Europe to loft its own 'birds'
It is seeking less economic and military dependence on United States.
At any given moment, dozens of US and Russian navigation satellites whiz by high above the earth, guiding airliners, cars, and backpackers to their destinations.
But the Europeans have no "birds" of their own to navigate by.
Yesterday, leaders of the European Space Agency (ESA) took steps to rectify that - and then some. They decided to build Europe's own constellation of navigation satellites. Today, they expect a go-ahead from the European Union, which is needed for the joint effort to take flight.
The project is part of a major strategy shift, designed to link the 25-year-old space agency more tightly with the Continent's high-tech economic goals. If successful, some analysts say, the change could mark a significant turning point in Europe's post-cold-war quest for tighter political and economic unity and an emerging military independence from the United States.
"The European Union, with ESA as the space-operations arm of the union, could be a very powerful competitor," says Ray Williamson at George Washington University's Space Policy Institute in Washington, D.C.
The effort to bring space to earth for Europeans was set out in writing on Nov. 16, when the ESA and the EU published a joint strategy for the Continent's space efforts.
The goal is to increase the ESA's responsiveness to what Jean-Jacques Dordain, ESA director of strategy and technical assessment, calls the "real world."
During a recent interview, he noted that until now, the agency has been concerned primarily with the "space world."
"So far, most of our activities have been pushed by the technology and pushed by engineers in this space world," he says. "Now it is time to reverse that. Our hope is that from now on, it will not be the space world pushing satellites, but society asking for satellites."
The new navigation-satellite project, called Galileo, is scheduled to be fully operational by 2008. And it casts light on some of the motivations behind the new strategy.
One of the main drivers behind setting up a network with the "Made in Europe" label is economic, Mr. Dordain suggests.
For years, Europeans have dominated the commercial launch business, thanks to the Ariane family of rockets. Now, they are looking at its potential markets for satellite-navigation equipment and services - and they see a gold mine. Between 2005 and 2020, the market is estimated to grow to 270 billion euros ($241 billion).
"Are we sure that European entrepreneurs will have access on an equal footing with US investors when the basic infrastructure is American?" he asks.
Despite President Clinton's efforts to ensure access to the US Global Positioning System (GPS), Dordain notes that the satellites are still owned by the Pentagon, suggesting that under some circumstances, access to accurate signals could be cut off.
"This is not a war against GPS," he says. "The US is our best friend, and it is providing a lot of signs that it's ready to provide this free access forever. But if Europe wants to be economically competitive, if Europe wants to have a common foreign and security policy, Europe must have the space infrastructure to fulfill these objectives."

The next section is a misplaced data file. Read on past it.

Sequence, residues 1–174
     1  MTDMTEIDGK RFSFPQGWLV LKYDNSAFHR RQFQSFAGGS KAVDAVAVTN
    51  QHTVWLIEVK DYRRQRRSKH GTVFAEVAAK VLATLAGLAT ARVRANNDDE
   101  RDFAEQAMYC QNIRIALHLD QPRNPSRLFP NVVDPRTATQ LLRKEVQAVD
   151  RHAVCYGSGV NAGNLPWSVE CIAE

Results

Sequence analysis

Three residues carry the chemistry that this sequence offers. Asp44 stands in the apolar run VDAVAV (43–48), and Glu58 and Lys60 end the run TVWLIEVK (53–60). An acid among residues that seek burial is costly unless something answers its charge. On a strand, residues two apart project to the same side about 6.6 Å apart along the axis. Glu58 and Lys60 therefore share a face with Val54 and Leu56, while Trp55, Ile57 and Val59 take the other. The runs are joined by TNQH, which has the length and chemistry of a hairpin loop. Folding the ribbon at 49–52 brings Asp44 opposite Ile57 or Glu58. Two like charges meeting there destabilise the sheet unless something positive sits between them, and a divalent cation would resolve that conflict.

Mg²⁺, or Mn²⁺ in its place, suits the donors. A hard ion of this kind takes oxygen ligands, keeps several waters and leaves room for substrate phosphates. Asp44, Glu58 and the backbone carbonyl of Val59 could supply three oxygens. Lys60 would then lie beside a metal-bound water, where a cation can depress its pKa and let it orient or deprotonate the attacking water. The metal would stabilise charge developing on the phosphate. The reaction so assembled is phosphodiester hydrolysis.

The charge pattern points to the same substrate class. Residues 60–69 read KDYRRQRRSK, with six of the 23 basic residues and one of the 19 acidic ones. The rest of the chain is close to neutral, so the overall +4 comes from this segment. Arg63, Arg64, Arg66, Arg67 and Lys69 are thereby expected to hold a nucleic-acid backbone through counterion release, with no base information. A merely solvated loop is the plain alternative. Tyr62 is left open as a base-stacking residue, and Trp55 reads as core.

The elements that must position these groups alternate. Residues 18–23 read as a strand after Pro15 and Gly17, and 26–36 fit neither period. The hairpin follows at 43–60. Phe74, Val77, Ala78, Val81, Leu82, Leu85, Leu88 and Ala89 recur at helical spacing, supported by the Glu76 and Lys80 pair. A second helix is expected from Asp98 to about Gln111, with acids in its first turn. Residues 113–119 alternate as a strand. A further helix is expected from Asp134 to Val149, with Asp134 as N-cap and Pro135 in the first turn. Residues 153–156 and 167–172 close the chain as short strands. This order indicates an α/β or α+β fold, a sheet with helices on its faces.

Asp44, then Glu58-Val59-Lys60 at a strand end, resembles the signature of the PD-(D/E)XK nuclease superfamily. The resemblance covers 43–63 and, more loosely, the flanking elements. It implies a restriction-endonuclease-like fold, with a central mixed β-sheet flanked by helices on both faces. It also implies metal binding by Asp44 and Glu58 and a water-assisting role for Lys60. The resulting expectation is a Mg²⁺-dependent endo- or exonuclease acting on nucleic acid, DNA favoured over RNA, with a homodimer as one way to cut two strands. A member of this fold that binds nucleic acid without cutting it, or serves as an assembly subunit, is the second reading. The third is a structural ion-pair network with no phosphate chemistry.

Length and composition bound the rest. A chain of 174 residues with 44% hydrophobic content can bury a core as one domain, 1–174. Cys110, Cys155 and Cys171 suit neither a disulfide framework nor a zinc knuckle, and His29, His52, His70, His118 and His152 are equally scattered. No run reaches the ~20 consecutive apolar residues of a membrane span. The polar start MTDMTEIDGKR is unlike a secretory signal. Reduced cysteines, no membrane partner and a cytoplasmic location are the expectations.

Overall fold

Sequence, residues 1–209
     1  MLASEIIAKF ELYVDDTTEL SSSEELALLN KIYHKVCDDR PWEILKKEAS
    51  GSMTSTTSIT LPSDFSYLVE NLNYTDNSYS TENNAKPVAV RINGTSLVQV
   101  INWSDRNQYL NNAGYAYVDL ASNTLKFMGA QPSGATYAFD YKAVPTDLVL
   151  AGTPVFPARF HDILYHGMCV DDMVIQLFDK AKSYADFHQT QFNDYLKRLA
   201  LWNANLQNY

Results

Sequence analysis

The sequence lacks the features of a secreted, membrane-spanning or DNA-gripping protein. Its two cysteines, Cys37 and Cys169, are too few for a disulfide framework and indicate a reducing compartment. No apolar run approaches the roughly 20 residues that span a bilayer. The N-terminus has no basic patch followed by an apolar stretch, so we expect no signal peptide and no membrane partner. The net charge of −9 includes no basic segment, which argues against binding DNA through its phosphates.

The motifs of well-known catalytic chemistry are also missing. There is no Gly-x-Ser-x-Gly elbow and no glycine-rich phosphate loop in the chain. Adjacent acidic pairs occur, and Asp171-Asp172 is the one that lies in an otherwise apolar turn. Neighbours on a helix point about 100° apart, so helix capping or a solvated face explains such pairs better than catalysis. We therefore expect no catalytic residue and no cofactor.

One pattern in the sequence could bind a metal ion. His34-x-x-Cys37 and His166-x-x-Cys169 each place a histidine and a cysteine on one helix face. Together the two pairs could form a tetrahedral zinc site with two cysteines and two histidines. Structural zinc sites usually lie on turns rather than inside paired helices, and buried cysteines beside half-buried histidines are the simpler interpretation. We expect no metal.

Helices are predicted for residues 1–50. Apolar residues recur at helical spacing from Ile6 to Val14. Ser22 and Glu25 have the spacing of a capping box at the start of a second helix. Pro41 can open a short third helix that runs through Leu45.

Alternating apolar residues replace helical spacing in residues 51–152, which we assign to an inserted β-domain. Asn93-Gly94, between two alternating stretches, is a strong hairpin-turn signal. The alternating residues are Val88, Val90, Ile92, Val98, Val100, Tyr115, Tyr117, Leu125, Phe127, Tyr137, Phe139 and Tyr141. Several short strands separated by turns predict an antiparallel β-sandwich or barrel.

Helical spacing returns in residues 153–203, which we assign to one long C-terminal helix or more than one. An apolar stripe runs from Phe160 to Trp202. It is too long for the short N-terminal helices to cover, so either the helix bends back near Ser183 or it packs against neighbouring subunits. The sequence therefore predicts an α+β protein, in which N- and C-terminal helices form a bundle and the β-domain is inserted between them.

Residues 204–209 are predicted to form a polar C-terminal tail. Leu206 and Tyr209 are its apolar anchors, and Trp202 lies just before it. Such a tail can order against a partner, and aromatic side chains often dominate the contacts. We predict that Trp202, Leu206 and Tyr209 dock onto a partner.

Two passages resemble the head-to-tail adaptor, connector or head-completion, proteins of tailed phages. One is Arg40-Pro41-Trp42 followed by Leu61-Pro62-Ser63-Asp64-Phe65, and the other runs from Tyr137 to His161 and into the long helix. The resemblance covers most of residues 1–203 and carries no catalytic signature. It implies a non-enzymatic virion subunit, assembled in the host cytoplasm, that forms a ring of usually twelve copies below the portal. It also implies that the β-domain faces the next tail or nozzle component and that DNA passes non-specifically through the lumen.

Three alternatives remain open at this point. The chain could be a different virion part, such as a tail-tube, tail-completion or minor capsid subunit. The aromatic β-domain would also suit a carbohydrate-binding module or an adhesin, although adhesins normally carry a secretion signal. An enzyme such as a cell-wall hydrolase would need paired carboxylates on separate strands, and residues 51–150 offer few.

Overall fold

Indeed, the prospect of tighter links between the ESA and Europe's security policy is one aspect of the new strategy that Eligar Sadeh finds the most intriguing. "ESA has traditionally stayed away from that area," says Mr. Sadeh, director of Colorado State University's Center for Engineering Infrastructure and Sciences in Space, in Fort Collins. The strategy's support for independent navigation and earth-observing systems "ties ESA into Europe's common defense and security initiatives," he says.
Those initiatives include the establishment of a European security force of as many as 60,000 troops, one outcome of a European Commission meeting in Nice, France, earlier this month.
Dordain maintains that an independent space-based observing system also is vital for agreements that involve agriculture or the environment. One reason climate talks broke down in November was that some members of the EU delegation remained unconvinced that land- and forest-management efforts could be verified if they were included as means of reducing greenhouse-gas emissions.
"What happened at The Hague reinforces in my view the need for Europe to build its own monitoring system," Dordain says.
Noting that under the right circumstances, environmental regulations can kill industries, he adds, "We cannot rely just on one source of information for such an important problem."
If the Nov. 16 joint strategy lays out the immediate road ahead for the ESA, the agency's director-general, Antonio Rodota, clearly is thinking longer term. In November, he received a report from "three wise men" he appointed earlier this year.
The panel - which included Carl Bildt, former prime minister of Sweden and the UN special envoy to the Balkans; Jean Peyrelevade, president of Credit Lyonnais, and Lothat Spath, CEO of Jenoptik, a German high-tech firm - called for tighter integration between the EU and ESA, in effect recommending that the ESA become the EU's space agency, with decisions about its objectives and programs taken at the highest levels of government.
"We must integrate space fully in our overall policy efforts," they write. "This is the difference between a Europe willing to lead and a Europe only capable of following."
(c) Copyright 2000. The Christian Science Publishing Society